Q: I filed a chapter 7 a few years ago with social security being a creditor for overpayments.I checked with social
security and the NJ bankruptcy court and neither could tell if my debt was discharged.I read social security is usually discharged in a Chapter 7 but how can I confirm it was.Social security was listed as a creditor>
Invariably, ime, bankruptcy courts enter an Order of general discharge that says little other than that the debtor is discharged from all "dischargeable claims". It will not specify whether any debt to the Social Security fund, or anyone else, has been discharged.
Use of Pacer will give you access to all documents filed in your case, but that access will only show you the general Order of Discharge, not whether it applies to your SS obligation.
The exceptions to discharge are listed in Bankruptcy Code Section 523(a). Some of those categories may apply to your SS obligation. To resolve the issue, it must be raised in court and an order entered, and that court may or may not be the bankruptcy court.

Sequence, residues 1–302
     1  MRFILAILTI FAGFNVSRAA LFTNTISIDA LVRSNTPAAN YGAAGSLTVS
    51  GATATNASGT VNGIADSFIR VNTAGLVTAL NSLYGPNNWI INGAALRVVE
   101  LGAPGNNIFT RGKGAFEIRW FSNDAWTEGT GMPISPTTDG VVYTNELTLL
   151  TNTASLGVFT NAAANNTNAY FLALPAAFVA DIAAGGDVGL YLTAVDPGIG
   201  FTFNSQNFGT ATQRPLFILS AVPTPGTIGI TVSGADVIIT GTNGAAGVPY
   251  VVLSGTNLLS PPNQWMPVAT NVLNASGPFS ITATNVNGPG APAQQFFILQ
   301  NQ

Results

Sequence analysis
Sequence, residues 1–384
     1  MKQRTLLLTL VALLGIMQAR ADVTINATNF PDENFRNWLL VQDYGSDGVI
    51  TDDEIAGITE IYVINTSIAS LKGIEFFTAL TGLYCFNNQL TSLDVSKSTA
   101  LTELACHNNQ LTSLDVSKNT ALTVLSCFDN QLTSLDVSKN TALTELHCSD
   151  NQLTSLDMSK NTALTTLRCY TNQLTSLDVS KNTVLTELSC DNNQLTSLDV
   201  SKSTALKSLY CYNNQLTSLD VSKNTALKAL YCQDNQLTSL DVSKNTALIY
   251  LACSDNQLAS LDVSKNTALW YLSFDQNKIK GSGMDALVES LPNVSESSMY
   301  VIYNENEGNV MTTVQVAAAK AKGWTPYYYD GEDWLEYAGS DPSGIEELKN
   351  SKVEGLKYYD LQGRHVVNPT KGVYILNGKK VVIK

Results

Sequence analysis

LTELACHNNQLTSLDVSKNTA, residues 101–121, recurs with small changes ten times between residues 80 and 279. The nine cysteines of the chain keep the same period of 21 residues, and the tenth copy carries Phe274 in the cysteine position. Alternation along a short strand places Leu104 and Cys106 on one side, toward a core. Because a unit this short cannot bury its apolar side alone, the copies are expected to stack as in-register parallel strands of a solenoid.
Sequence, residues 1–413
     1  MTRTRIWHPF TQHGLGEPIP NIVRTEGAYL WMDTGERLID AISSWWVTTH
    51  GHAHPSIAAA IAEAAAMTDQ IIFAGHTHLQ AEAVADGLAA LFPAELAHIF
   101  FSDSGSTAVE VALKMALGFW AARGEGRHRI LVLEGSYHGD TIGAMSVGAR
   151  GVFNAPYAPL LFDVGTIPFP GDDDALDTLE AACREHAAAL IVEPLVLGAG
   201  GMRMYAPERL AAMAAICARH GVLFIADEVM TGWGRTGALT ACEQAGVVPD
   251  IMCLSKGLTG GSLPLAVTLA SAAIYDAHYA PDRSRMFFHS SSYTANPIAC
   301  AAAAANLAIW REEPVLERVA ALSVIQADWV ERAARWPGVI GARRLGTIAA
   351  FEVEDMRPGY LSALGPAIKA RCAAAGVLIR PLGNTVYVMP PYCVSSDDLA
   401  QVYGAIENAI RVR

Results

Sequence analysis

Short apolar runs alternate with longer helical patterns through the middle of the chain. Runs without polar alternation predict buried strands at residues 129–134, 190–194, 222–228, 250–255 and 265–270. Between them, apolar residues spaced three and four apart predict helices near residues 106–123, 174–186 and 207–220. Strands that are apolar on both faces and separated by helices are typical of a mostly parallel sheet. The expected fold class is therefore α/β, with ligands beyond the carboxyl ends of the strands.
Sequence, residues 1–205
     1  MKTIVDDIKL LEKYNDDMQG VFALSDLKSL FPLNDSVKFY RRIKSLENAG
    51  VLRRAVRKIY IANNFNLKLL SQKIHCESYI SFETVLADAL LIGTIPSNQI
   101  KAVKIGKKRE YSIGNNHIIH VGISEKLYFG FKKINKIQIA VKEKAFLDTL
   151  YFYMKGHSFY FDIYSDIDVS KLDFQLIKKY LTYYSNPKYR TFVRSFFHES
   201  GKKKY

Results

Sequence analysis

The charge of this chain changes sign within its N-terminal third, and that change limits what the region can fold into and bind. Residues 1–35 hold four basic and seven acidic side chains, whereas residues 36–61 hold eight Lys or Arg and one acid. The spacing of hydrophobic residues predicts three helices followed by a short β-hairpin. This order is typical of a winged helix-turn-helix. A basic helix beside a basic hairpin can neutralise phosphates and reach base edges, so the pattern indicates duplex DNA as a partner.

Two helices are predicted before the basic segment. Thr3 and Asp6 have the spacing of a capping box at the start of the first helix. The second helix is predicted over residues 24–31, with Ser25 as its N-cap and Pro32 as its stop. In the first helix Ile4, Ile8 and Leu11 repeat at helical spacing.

Consult with an experienced lawyer authorized to practice in NJ for your best path to answer your question.
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A: Determining whether a specific debt was discharged in a Chapter 7 bankruptcy proceeding generally involves reviewing the bankruptcy discharge order and the list of creditors you included in your bankruptcy filing. If the Social Security Administration (SSA) was listed as a creditor in your bankruptcy documents and the debt in question is of a type that is dischargeable in bankruptcy (most overpayments are), then it would typically be discharged. Since you are facing uncertainty, I would recommend obtaining a copy of your bankruptcy file, which will include a list of the debts that were discharged, and consult an attorney with experience in bankruptcy law to review the details and provide guidance based on the specifics of your case.
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